“I’m tired, I’m frustrated … but I am not surprised,” said 20-year-old Nicki Becker, a Fridays for Future activist from Argentina who said the pact didn’t do enough to protect those in at-risk countries like hers. “We always hear young people are the future. But they burn our present. They sell our present. They pollute our present.”
Language calling for countries to end coal burning and fossil fuel subsidies — the first such references in years of U.N. climate talks — was diluted. A proposed fund to pay for irreversible “loss and damage” wrought by climate change in vulnerable countries was left out of the final text, angering delegates who say such reparations are long overdue. Instead, nations agreed to start a “dialogue” about the idea.
Some of the harshest condemnations were reserved for wealthy countries, which have released the bulk of greenhouse gases now in the atmosphere but have often resisted mandates to provide cash for developing nations and limit their massive pollution.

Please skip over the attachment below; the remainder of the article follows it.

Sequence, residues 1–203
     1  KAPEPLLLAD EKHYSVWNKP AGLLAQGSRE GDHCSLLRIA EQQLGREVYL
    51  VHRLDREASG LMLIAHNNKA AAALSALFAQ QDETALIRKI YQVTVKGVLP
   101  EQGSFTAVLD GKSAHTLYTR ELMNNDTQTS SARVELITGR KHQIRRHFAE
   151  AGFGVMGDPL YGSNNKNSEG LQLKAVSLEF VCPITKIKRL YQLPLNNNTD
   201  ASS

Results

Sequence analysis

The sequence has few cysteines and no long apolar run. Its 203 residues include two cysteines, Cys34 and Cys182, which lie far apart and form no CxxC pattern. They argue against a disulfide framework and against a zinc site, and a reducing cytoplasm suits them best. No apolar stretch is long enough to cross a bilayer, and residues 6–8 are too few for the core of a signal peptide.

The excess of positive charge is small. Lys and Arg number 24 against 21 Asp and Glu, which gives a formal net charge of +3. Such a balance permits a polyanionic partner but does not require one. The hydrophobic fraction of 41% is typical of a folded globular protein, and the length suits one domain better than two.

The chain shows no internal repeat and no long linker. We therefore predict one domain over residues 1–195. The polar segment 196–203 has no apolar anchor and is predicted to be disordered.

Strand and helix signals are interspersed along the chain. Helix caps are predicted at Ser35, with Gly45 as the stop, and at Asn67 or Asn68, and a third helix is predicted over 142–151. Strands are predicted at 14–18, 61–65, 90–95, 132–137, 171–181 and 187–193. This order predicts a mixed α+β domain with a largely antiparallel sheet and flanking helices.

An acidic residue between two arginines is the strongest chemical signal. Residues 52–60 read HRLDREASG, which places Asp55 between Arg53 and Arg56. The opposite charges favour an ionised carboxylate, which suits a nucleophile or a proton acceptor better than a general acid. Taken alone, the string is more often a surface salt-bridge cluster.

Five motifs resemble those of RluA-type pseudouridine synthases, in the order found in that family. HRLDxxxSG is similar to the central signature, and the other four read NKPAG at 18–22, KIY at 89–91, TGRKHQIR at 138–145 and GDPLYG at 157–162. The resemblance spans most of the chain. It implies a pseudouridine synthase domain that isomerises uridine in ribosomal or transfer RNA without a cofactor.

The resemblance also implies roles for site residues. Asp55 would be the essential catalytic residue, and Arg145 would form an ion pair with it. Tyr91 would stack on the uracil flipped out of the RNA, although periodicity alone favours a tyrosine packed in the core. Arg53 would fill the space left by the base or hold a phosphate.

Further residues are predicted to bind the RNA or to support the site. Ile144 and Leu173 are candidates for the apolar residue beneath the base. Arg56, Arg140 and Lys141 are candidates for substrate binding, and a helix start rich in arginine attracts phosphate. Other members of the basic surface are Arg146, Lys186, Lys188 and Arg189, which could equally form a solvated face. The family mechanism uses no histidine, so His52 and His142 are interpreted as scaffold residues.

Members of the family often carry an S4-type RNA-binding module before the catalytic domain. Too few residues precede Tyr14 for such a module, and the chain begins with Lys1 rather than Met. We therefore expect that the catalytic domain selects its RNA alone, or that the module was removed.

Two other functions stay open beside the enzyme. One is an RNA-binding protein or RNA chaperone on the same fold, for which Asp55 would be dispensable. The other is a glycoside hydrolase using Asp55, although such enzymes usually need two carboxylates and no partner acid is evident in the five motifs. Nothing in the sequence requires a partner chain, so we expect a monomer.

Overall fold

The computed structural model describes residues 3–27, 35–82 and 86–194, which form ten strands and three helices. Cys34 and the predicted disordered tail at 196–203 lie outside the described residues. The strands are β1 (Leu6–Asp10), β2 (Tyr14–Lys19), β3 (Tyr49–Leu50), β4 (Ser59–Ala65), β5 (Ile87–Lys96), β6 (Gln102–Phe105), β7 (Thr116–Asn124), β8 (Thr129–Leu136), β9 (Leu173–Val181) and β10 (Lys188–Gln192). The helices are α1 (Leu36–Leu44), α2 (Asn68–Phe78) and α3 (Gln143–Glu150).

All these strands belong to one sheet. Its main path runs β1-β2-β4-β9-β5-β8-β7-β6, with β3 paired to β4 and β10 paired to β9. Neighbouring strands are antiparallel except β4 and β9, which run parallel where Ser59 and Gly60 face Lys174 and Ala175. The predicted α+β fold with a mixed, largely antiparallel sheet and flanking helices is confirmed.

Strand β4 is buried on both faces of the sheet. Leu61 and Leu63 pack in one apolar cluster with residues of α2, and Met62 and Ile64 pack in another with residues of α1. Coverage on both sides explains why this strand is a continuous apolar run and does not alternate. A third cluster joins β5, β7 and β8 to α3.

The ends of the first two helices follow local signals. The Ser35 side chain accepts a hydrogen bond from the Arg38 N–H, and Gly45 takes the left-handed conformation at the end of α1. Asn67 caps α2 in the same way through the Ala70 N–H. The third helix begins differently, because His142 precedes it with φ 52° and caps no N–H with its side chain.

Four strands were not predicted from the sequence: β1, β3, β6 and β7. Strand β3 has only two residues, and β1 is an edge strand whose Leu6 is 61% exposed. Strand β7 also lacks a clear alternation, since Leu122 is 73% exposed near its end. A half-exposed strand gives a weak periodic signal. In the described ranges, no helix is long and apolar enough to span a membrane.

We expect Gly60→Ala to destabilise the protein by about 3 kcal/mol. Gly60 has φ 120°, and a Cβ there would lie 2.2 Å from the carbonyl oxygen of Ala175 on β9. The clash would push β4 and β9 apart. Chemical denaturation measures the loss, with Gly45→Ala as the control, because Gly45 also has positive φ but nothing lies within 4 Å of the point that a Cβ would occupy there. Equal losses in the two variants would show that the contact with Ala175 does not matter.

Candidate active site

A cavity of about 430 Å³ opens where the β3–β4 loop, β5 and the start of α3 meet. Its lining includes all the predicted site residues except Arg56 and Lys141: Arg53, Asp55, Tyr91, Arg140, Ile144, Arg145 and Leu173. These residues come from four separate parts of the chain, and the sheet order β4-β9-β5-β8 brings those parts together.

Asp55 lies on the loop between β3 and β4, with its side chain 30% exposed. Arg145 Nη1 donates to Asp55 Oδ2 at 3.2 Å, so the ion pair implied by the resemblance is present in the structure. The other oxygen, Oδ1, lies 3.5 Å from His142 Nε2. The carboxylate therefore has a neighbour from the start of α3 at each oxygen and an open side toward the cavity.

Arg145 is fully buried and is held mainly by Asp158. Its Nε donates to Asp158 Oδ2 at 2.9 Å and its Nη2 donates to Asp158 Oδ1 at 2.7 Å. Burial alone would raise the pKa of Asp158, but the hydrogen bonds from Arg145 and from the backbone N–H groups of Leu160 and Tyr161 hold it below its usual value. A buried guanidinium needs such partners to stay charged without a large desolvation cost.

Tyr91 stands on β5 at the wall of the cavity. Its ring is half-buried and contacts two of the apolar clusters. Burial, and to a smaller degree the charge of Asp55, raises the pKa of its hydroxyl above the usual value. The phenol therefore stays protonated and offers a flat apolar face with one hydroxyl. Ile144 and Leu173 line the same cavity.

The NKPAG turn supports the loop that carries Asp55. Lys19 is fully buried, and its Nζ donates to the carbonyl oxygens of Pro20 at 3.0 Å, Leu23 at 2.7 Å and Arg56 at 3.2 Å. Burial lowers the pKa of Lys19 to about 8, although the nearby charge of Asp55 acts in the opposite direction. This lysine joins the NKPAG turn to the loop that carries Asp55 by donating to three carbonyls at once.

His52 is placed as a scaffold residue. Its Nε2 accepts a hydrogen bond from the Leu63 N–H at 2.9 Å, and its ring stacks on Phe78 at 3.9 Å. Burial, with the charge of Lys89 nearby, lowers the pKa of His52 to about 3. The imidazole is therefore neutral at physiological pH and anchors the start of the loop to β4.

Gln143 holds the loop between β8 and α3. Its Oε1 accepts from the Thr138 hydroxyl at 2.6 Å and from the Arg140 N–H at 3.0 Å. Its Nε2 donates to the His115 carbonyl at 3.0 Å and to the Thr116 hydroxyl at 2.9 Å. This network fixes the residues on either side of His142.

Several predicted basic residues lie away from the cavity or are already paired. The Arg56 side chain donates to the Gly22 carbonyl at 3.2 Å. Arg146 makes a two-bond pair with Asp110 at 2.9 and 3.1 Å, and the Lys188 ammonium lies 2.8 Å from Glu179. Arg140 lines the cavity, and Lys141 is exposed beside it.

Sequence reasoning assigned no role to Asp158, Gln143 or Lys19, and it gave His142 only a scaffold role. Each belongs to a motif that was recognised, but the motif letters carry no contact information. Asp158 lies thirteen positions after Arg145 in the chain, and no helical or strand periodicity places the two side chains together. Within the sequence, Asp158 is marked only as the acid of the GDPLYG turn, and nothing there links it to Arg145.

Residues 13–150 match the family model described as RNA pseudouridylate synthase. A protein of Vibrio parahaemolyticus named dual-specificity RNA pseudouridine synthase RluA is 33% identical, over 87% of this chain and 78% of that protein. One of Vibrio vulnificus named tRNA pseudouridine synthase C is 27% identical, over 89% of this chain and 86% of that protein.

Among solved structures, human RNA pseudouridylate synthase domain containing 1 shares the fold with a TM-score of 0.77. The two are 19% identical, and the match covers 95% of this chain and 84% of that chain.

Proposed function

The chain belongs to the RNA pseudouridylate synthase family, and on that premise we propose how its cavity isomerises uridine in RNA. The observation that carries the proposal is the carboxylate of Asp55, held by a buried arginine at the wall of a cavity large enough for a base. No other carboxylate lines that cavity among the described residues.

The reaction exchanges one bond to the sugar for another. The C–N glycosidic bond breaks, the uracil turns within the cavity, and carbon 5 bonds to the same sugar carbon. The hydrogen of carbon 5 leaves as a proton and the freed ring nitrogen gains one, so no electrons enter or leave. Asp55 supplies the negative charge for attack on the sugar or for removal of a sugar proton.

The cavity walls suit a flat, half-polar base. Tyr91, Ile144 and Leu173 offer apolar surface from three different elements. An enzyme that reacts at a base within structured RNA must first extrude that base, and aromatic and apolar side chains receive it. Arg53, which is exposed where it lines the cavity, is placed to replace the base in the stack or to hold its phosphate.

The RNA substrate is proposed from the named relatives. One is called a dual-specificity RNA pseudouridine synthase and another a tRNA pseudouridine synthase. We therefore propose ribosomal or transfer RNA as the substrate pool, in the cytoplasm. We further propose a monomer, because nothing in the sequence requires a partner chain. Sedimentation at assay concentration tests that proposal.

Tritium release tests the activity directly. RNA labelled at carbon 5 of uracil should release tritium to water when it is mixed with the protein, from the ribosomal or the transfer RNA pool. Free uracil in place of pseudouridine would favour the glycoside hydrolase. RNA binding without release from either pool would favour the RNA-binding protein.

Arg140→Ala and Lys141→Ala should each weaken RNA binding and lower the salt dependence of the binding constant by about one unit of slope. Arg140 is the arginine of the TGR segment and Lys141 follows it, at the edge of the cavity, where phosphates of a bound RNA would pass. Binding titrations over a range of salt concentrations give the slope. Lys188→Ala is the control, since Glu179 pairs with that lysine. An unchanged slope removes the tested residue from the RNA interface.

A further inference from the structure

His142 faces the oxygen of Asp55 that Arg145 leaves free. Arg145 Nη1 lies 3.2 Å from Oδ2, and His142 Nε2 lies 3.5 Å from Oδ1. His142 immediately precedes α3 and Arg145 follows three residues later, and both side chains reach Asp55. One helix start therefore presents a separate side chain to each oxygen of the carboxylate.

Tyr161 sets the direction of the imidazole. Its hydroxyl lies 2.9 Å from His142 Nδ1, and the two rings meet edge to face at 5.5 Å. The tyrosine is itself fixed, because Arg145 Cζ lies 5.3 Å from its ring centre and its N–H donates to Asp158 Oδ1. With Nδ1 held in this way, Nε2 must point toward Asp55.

Rich countries have “pushed to transfer their responsibilities to the developing world,” Bolivian negotiator Diego Pacheco Balanza said Saturday, accusing delegates from the developed world of “carbon colonialism.”
Richie Merzian, a former Australian climate official, quipped this week of his coal-exporting nation, “The only thing Australia has brought to this negotiation is good coffee over at the Australian pavilion.”
In a public session for ministers on Friday, even U.S. climate envoy John F. Kerry acknowledged that the biggest, richest emitters “do bear the greatest responsibility.” President Biden has pledged to boost U.S. climate aid to poor nations to more than $11 billion a year — a promise that will require help from Congress.
But behind the closed doors of negotiating rooms, representatives from multiple countries said, U.S. diplomats were among those opposed to establishing “loss and damage” payments for vulnerable countries. On Saturday, Kerry sought to assure skeptical nations that the United States would make “every effort in the world” to help those battered by climate change.
The talks in Glasgow unfolded in a world already irrevocably altered by human emissions. A landmark U.N. report published in August found that global temperatures are increasing at a unparalleled rate. The last time the level of carbon dioxide in the atmosphere rose this much this fast was 66 million years ago, when a meteor destroyed the dinosaurs.
“The alarm bells are deafening,” said U.N. Secretary General António Guterres said at the time.